CTA streetcar 3142, which is our standard service streetcar and sees use virtually seven days a week from Memorial Day to Labor Day, suffered a motor failure in service. The failure occurred at Car Line Junction, tying up operations out of Station Track 1 until IT 415 was able to push 3142 onto the tail track. This deals a tough blow to the museum's streetcar operations; stay tuned for information on plans to get the motor sent out for repair.

Anyway, following this incident we did actually take the 309 out on the line for a trip, even carrying a full load of passengers. Upon our return the #4 motor was inspected again and more oil was found on the commutator, meaning that the car shouldn't be put into service until the cause of the oil leakage is found and repaired. The timeline for this is unknown since we don't know exactly where the source of the oil is, but the motor has not had any electrical issues so the fix ought to be something we can do in-house. Outside of the Car Shop, there was a lot of interesting stuff happening. The Nebraska Zephyr made its celebrated return today; the Electroliner was on display on the west track of 50th Avenue Station; the Track Crew was hard at work tamping and leveling the east track (pictured, L-R: Frank DeVries, Adam Robillard, unknown (back to camera), Tom Hunter, Steve L., John Neglich); and the last two C&NW-painted diesels owned by the UP even made a cameo appearance in Steamland.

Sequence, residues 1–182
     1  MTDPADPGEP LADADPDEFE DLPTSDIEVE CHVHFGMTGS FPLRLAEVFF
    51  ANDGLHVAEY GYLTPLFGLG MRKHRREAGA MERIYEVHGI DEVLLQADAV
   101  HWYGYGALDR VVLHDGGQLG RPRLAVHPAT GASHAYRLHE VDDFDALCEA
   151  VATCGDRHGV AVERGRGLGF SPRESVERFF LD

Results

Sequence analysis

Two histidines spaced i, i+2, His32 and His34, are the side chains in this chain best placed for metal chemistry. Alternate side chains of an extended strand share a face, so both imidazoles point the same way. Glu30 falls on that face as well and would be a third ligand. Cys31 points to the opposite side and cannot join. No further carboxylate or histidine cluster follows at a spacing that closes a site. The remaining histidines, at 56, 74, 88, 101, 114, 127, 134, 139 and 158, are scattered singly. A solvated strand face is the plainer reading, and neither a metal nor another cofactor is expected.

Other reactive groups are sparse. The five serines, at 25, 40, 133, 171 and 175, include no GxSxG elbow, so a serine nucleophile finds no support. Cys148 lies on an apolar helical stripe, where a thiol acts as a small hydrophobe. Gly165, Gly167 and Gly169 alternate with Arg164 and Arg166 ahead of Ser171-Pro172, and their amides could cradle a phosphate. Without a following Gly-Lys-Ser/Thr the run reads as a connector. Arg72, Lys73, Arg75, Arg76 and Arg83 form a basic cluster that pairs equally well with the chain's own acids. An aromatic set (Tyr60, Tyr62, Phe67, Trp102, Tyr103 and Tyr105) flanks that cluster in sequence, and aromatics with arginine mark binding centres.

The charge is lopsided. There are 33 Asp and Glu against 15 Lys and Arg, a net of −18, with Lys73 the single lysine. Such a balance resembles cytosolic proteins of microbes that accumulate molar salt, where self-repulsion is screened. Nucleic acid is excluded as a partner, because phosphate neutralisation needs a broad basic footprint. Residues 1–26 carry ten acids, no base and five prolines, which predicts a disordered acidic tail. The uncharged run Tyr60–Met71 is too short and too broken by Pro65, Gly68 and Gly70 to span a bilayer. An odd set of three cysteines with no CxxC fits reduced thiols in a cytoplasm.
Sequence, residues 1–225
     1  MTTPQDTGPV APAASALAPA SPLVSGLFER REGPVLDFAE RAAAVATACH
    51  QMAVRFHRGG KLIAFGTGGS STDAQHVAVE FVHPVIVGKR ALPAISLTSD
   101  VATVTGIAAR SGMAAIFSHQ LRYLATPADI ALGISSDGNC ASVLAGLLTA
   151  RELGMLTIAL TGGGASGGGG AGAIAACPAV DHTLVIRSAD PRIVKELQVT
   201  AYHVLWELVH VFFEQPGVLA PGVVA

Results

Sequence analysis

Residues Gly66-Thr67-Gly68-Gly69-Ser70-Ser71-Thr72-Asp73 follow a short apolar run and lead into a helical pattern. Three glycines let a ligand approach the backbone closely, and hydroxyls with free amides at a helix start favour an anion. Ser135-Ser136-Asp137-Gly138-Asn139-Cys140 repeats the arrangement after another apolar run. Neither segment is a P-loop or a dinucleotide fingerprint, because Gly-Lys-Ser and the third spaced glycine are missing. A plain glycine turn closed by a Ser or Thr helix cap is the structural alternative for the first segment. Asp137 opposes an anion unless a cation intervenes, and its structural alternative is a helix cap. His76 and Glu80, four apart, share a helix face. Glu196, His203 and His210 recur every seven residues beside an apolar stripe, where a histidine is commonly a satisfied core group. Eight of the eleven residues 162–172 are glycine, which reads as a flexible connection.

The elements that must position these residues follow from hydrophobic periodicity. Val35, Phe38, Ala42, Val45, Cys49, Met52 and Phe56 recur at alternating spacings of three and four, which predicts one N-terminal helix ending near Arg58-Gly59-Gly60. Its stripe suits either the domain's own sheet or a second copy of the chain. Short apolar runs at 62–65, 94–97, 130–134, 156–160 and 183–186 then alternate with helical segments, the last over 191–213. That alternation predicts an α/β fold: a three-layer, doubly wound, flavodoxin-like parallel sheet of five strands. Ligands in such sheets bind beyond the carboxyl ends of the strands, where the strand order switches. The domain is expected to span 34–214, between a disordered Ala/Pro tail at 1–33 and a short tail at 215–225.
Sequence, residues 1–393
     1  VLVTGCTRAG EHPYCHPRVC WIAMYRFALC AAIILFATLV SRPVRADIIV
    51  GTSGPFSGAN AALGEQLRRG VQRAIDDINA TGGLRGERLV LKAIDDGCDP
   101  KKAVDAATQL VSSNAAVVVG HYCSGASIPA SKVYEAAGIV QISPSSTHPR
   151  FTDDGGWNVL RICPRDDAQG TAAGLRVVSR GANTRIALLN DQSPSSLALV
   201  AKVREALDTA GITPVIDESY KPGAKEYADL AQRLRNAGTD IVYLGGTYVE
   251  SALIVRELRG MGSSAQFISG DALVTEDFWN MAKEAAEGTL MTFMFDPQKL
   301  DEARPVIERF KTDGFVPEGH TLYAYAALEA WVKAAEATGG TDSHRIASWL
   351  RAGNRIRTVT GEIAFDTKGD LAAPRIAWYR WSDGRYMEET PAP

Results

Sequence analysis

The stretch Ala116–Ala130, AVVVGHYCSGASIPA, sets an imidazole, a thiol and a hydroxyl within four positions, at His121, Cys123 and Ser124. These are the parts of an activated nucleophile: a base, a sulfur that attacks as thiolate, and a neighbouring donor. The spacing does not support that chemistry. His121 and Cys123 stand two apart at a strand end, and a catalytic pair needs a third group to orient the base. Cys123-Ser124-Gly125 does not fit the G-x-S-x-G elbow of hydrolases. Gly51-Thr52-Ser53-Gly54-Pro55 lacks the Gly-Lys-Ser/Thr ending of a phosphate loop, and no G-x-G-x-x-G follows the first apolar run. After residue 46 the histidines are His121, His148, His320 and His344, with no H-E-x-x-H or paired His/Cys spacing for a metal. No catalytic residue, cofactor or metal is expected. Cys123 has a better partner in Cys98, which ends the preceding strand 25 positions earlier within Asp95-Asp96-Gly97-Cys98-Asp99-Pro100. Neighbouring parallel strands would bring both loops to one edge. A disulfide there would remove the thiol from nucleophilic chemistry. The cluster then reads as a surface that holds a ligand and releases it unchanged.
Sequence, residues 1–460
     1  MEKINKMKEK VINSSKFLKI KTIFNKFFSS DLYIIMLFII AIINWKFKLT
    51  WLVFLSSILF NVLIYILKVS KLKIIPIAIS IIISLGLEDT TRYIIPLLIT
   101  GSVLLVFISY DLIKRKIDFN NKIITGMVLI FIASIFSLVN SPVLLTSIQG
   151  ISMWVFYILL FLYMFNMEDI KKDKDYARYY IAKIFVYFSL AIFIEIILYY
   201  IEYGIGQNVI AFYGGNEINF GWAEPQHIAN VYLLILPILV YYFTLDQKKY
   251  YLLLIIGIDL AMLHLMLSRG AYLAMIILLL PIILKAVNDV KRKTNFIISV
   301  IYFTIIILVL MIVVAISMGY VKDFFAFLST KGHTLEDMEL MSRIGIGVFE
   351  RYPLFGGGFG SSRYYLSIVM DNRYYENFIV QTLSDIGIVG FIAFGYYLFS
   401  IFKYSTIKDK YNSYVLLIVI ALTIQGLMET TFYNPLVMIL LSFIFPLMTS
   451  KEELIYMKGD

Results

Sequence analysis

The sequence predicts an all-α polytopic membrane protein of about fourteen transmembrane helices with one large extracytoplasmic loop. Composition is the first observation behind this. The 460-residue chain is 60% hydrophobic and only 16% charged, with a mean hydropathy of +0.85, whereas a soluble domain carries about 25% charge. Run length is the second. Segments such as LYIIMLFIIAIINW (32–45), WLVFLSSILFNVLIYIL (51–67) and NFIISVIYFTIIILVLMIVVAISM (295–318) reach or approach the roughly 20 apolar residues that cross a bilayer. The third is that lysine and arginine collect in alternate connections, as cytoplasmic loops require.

Contactor Operation

Annual inspection work on the 309 provided a good opportunity to document and explain the operation of the contactors on this car. First, some history: the first successful multiple-unit operation was in Chicago, in 1898, using a system designed by Frank Sprague for the South Side Rapid Transit. Three years later, General Electric developed the first widely-used form of electomagnetic contactor control, known as Type M. Type M was a system which used a master controller to energize different high-voltage, low-current circuits which in turn activated large contactors under the car. These contactors were activated in combinations that routed motor current through different sets of resistance grids, thereby controlling motor speed and, hence, acceleration.

The first widely-used Type M system consisted of DB-15 contactors, DB-20 reversers and C-6 controllers designed in 1901 for the electrification of the large Manhattan Elevated system in New York. When the Aurora Elgin & Chicago (predecessor to the CA&E) was built a year later, the most modern MU system available for heavy electric equipment was the system developed for Manhattan. The AE&C wanted four GE 66 motors per car, though, and since the DB-15 contactors were only designed for two of these motors, the early AE&C cars were basically two two-motor cars back-to-back. Each car had two complete sets of contactors, reversers and grids. Car 309, though built five years later after the development of more modern Type M systems, was equipped with the earlier DB-15 contactors - probably because it was fitted with electric equipment at Wheaton Shops, which likely used whatever spare parts they had lying around.